Islam officially began with the Hegira (Hijrah), 622CE. Christianity dates its birth from the crucifixion and resurrection of Christ in 33CE.
What can we learn from the early spread of Christianity and Islam in their first 100 years? What impact might it have on us today?
Growth of Islam 622-722CE (The First 100 Years)
Muslims look back on this glorious century with much pride. Islam’s growth in its first 100 years was truly astonishing.
The Muslim prophet was an able general. During his life Muslim armies fought 27 battles, e.g., the Battle of Khaibar, Badar, Uhud, Tabuk, etc.
The prophet’s death did not impede the wars and victories of Muslim armies. They conquered Syria (634-641), Egypt (639-642), Iraq and Iran (633-651), Sind in Pakistan (711-714), North Africa (647-742), Spain (711-721), and Transoxiana in Central Asia (673-751).
At the end of the first 100 years, the Islamic Caliphate stretched from Spain to Pakistan and from North Africa to Central Asia. In world history, no kingdom expanded so far and fast as the Islamic Caliphate in its first 100 years.
What we don’t know is how many hundreds of thousands of Muslim soldiers and enemy soldiers and civilians were killed during the first 100 years.
Christian Growth Between 33-133CE (The First 100 Years)
In the Garden of Gethsemane, the Apostle Peter drew his sword to defend Isa Al-Masih from arrest. Isa rebuked Peter and told him to put his sword away (Injil, Matthew 26:50-56)!
After the Christ’s resurrection, persecution of Christians began:
33-35CE – The evangelist Stephen was stoned to death, the Apostle James beheaded (Injil, Acts 7, 12:1-2).
41-54CE – Claudius (Caesar) expelled Christians from Rome.
64-68CE – Nero (Caesar) orchestrated a brutal persecution of Christians.
81-96CE – Domitian (Caesar) killed all Christians who did not acknowledge Caesar as Lord.
98-117CE – Trajan (Caesar) killed Christians who refused to worship Roman gods.
Although persecution increased, Christianity continued to grow.
The Difference between “Christian” and “Follower of Isa”
A “Follower of Isa” never uses force to advance religion. Unfortunately, not everyone who is called “Christian” is a true “Follower of Isa Al-Masih.” If you see a “Christian” using force to advance religion, he is not following Isa’s commands.
Isa forbade his followers to use force in religion! Email us your opinion of Isa’s prohibition against the use of force.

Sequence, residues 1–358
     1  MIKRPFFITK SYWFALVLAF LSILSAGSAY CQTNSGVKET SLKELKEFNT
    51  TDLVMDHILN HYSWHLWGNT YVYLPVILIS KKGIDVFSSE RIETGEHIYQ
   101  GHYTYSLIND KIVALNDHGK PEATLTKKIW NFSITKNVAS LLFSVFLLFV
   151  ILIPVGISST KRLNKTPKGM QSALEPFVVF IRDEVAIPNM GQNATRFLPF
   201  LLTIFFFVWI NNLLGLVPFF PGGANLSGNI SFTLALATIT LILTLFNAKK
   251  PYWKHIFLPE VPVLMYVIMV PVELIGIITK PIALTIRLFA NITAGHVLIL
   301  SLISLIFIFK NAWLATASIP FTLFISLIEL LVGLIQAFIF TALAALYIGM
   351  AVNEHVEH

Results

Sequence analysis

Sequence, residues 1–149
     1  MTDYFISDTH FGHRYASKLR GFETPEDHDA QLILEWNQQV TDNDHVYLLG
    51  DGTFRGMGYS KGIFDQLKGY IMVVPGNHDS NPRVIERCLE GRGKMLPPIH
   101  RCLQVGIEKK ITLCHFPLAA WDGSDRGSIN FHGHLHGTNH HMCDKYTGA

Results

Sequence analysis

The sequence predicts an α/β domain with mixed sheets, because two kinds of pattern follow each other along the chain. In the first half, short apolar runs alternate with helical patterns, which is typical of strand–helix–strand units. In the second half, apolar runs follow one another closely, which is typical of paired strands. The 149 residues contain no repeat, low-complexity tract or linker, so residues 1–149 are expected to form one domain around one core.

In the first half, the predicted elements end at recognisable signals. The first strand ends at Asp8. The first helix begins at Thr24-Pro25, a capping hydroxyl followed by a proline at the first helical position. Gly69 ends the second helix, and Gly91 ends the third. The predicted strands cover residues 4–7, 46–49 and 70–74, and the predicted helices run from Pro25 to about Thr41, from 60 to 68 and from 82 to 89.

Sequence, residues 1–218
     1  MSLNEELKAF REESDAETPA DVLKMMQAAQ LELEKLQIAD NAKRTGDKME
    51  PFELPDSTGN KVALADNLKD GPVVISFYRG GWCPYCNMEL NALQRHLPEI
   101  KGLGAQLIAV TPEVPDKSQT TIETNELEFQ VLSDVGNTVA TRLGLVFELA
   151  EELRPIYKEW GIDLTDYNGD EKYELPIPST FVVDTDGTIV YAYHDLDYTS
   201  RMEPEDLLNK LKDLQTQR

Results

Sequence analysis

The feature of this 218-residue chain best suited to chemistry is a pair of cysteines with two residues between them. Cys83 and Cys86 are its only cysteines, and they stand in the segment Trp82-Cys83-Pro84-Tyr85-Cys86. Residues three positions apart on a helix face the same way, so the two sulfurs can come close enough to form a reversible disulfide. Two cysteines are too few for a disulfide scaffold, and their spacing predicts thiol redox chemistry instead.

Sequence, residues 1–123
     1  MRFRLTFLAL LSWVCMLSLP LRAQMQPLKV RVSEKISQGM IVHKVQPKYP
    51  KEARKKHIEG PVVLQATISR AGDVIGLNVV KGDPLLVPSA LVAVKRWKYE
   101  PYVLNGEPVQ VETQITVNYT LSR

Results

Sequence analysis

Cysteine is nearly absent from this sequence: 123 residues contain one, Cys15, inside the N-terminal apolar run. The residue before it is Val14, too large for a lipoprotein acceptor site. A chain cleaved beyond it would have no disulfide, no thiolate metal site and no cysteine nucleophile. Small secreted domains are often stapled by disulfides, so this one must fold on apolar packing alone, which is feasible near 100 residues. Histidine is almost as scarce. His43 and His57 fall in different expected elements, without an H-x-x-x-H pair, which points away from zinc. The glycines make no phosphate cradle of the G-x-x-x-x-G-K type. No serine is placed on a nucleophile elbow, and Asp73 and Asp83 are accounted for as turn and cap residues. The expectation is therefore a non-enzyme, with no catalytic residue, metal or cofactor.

The Growth of Islam Today
The majority of Muslims see Islam as a “Religion of Love and Peace.” They certainly reject using force to advance Islam. There can be no force in religion (Qs 2:256). The UN Charter also rejects the use of force in religion and permits people to change their religion. Do you agree that people should be allowed to change their religion? Let us know!
So Christians and Muslims should reject using force to advance religion.
Isa Al-Masih – the Prince of Peace
Hundreds of years before the birth of Isa Al-Masih, the prophet Isaiah made a startling prophecy. He said that a young woman would birth a son, and the son would receive the title, “Prince of Peace” (Isaiah 9:6). Isa, the “Prince of Peace,” disallowed the use of force in religion. Also, as “Prince of Peace,” He promises peace with God to all who ask Him to be their personal Savior from sin (Injil, John 14:27)!
SOME QUESTIONS FOR COMMENTS IN SECTION BELOW
We encourage our readers to comment on the article above. Comments that don’t directly relate to the topic will be removed. Please start a dialogue with us by focusing on one of the following questions:
- In your opinion, why did Christianity continue to grow in its first 100 years without using military force?
- How can we differentiate people who are called “Christians” from “Followers of Isa Al-Masih? (If you are uncertain, contact Staff Isa and Islam.)
- Islam and Christianity had very different ways of propagating their religion during the first 100 years. Has that had any impact on our world today? Please explain.
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